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How the Cold War Created Environmental Science

Pete Springer/OPB

class=”6PointSpacing”>OSU professor Jacob Darwin Hamblin’s new book, Arming Mother Nature, has scene after scene that makes you wonder if Dr. Strangelove or Dr. No weren’t so fictional after all. There’s the general who, after reading that one day’s worth of radiological waste from the Manhattan Project could make large areas uninhabitable, asks for programs to create weapons to do that. There are the scientists figuring out which diseases would most devastate specific populations. There’s Hamblin’s line, “Scientists did not yet know whether it was feasible for humans to tap into nature’s pathways on a large scale, letting natural processes do the deadly work, but they were hopeful.”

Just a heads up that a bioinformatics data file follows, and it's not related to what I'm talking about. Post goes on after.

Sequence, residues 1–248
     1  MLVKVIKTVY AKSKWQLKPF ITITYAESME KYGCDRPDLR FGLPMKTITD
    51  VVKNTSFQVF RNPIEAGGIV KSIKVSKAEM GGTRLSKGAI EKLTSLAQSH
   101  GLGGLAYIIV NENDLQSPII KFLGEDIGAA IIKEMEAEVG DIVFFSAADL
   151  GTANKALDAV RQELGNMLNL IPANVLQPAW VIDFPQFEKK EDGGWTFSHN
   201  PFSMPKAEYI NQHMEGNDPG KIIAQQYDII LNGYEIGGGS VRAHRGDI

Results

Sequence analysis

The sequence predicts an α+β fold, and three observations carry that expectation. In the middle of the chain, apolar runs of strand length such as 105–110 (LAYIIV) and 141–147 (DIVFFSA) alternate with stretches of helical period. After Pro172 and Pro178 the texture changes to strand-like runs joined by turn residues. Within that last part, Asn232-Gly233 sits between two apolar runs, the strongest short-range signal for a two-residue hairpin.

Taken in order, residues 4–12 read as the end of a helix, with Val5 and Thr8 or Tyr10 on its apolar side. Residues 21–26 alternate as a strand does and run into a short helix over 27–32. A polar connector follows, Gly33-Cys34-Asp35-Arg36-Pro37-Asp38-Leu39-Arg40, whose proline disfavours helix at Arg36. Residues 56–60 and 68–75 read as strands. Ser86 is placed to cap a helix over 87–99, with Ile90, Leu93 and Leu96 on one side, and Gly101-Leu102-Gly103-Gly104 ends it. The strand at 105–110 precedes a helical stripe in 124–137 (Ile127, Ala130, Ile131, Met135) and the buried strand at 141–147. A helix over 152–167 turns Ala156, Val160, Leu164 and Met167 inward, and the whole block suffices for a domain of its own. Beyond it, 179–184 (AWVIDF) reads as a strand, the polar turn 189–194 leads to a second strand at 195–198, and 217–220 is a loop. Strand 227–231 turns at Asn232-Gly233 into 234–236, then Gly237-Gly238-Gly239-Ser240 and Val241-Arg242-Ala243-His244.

And while all of these things may be horrible, Hamblin lays out a case that something good came from such murderous thinking. Without US research on how to harness the earth to help it kill its Cold War enemies we would not know about climate change and its human causes.

Hamblin states it even clearer: “Scientific growth after World War II owes its greatest debt to the US armed services, which paid the lion’s share of the bill. Indeed, the discovery of global warming would have been impossible without scientific projects funded by the American military.”

Without scientists trying to figure out how to blow holes in the arctic ice to create shipping lanes, the data establishing that the ice caps are melting would likely not exist. Sniffing out Soviet atomic tests, discerning the exact shape of the earth to send missiles over the North Pole, studying radiation’s effect on soil, all of these pursuits helped us discover climate change. As Hamblin writes, “Global environmental monitoring began as an explicitly Cold War activity.”

Do you have experience with earth sciences? Have declassified military experiments increased understanding in your field?

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